A guest post article by Tina Barseghian and Jessica Kelmon.
It doesn't take a genius to help a child reach her intellectual potential – just a loving, involved parent. Here are fun and easy ways to encourage your little smarty pants.
1. Feed the brain. We've always heard that breakfast is the most important meal of the day, but it's especially true when it comes to your child's developing brain. Studies have shown that children who eat breakfast perform better in attention and memory tests than those who don't.
Why? Food absorbed by our bodies is converted to glucose that powers the body – and the brain. Your child wakes up with an empty tank that needs to be refueled. "Your child's brain needs glucose to function well. Without it, she may have difficulty understanding new information and won't remember things as well," says Terrill Bravender, chief of adolescent medicine at Nationwide Children's Hospital, and professor of clinical pediatrics at the Ohio State University College of Medicine.
Research bears this out. Harvard Medical School psychologist J. Michael Murphy and his colleagues at Massachusetts General Hospital re-analyzed the data of a USDA school breakfast pilot project that examined the impact of a universal free breakfast program of 4,000 elementary school students. Murphy’s analysis found that regular breakfast skipping was associated with poorer school attendance and tardiness, less verbal fluency, and more parent- and teacher-related behavior problems.
Diane Pratt-Heavner, a spokesperson for the School Nutrition Association, agrees with Murphy. "I know principals who keep snacks in their drawers for children with discipline problems. Many times, those kids never ate breakfast," she says.
But don't pull out the sugary cereals just yet. The type of food a child eats is just as important as whether she eats at all. Highly sweetened breakfast cereals can give kids a short-lived sugar high, resulting in the inevitable crash.
Protein- and fiber-rich breakfasts, on the other hand, give the brain sustained go-power. In a study published in the journal Physiology and Behavior, children who ate oatmeal for breakfast performed 20 percent better on a map-memorization test than their sugary-cereal-munching counterparts.
"Eating something with complex carbs and protein gives your child's brain a constant, slow infusion of glucose for better brain function," says Bravender. That said, Bravender stresses that when it comes to breakfast something is better than nothing, so make sure your child gets a morning meal.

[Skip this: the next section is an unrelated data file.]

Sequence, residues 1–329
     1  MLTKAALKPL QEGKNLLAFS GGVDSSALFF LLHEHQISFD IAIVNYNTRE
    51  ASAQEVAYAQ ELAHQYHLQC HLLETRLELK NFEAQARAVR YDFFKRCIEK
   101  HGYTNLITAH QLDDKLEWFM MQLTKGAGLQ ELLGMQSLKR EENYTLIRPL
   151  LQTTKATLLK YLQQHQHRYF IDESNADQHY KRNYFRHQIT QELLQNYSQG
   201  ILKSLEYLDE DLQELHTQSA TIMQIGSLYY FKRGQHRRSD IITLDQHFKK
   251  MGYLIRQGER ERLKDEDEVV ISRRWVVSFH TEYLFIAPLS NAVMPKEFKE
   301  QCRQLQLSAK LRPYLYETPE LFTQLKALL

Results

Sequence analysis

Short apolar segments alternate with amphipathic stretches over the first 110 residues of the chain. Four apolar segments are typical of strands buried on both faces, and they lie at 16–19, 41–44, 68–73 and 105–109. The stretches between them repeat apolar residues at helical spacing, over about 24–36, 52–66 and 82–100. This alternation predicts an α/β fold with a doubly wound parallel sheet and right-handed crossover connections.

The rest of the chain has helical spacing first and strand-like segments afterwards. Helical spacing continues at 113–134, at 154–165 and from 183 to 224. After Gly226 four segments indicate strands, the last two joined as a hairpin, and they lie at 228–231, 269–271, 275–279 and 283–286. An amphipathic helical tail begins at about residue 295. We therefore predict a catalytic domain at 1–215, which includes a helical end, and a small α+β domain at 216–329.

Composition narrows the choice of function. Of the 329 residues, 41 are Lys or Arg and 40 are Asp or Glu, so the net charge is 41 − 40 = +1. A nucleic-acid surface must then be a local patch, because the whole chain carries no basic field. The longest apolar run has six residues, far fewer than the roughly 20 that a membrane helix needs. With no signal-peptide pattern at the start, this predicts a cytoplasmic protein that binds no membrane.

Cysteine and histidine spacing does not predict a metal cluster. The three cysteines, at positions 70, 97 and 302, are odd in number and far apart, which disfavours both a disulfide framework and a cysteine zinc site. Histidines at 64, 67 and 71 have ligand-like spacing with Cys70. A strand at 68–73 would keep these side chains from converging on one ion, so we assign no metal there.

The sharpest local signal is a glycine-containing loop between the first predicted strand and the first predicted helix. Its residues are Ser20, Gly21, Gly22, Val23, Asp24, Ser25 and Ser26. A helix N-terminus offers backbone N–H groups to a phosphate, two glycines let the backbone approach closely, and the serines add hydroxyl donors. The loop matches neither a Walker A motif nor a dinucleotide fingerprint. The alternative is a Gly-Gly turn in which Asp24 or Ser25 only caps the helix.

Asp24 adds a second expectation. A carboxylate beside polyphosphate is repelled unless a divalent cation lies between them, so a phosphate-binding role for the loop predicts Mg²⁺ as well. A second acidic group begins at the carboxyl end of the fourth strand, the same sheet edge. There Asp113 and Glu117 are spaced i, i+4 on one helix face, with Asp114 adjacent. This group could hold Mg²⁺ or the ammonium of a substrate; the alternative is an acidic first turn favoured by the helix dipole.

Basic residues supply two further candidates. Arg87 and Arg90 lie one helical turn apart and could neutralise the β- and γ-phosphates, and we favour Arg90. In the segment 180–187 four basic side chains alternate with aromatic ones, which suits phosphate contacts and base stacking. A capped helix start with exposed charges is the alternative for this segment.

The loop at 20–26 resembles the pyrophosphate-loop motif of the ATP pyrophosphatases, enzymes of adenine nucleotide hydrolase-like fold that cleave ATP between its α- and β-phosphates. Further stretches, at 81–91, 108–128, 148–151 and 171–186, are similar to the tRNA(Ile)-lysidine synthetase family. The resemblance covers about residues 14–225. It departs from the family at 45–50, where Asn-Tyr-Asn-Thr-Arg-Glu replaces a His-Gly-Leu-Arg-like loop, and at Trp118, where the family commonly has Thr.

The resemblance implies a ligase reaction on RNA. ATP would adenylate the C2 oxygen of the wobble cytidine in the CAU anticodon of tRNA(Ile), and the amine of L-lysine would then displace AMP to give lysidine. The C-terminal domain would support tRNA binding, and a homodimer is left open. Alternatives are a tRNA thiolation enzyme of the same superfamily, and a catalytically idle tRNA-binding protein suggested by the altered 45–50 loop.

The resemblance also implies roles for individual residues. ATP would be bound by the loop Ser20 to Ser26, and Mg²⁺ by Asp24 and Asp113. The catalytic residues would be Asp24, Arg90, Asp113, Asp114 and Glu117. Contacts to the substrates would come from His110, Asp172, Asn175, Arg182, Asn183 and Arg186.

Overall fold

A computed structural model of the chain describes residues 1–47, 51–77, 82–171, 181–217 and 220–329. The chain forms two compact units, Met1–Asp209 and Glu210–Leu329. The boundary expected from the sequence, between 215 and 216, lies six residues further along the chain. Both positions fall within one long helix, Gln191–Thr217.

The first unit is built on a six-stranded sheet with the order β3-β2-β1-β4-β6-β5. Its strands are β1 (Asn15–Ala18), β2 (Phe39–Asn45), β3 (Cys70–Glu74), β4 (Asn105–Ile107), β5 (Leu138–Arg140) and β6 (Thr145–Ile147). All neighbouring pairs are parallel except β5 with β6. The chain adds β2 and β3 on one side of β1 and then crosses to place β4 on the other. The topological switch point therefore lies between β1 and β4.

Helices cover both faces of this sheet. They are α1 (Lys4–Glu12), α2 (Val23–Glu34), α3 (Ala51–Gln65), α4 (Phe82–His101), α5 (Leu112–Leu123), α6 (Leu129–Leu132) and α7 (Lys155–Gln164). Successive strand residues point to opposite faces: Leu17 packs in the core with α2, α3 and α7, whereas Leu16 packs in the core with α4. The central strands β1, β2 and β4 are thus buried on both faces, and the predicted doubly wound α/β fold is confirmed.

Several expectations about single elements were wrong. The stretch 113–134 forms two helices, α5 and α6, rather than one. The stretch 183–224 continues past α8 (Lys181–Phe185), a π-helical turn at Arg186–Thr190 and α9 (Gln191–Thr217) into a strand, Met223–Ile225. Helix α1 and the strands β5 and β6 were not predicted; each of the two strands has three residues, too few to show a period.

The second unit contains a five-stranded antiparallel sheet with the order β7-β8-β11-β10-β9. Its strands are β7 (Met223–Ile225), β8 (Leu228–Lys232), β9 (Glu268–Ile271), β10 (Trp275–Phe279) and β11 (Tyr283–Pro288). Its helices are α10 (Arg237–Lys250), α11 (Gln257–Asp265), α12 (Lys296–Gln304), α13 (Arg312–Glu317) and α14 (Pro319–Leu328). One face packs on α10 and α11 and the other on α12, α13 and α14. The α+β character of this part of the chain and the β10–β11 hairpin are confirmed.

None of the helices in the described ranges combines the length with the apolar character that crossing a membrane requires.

2. Know your child's learning style. Knowing how your child likes to learn and process information is an invaluable tool that you can use to help your child do better in school and develop a love of learning. Education experts have identified three main types of learners – auditory learners, physical learners, and visual learners.
Auditory learners absorb information best by hearing it through verbal instructions. Physical learners like to use their hands to make discoveries. And visual learners operate best by observing – either in print or with pictures.
When learning a new math concept, for example, a visual learner will grasp the material more quickly by watching his teacher solve a problem on the blackboard or seeing a picture of the problem. An auditory learner will understand the concept if he can listen to the teacher explain it and answer his questions. A physical learner (also called tactual-kinesthetic) may need to use blocks, an abacus, or other counting materials to practice the new concept.
The three learning styles aren't just theoretical. Several studies have shown that accommodating a child's learning style can significantly increase his performance at school.
Many of these studies were based on a specific learning styles program developed by Rita Dunn, director of the Center for the Study of Learning and Teaching Styles at St. John's University in Jamaica, New York, and the evidence is compelling. Two elementary schools in North Carolina increased the achievement test scores of students from the 30th percentile to the 83rd percentile over a three-year period by accommodating different learning styles. And in 1992, the U.S. Department of Education found that attending to a child's learning style was one of the few strategies that improved achievement of special education students on national tests.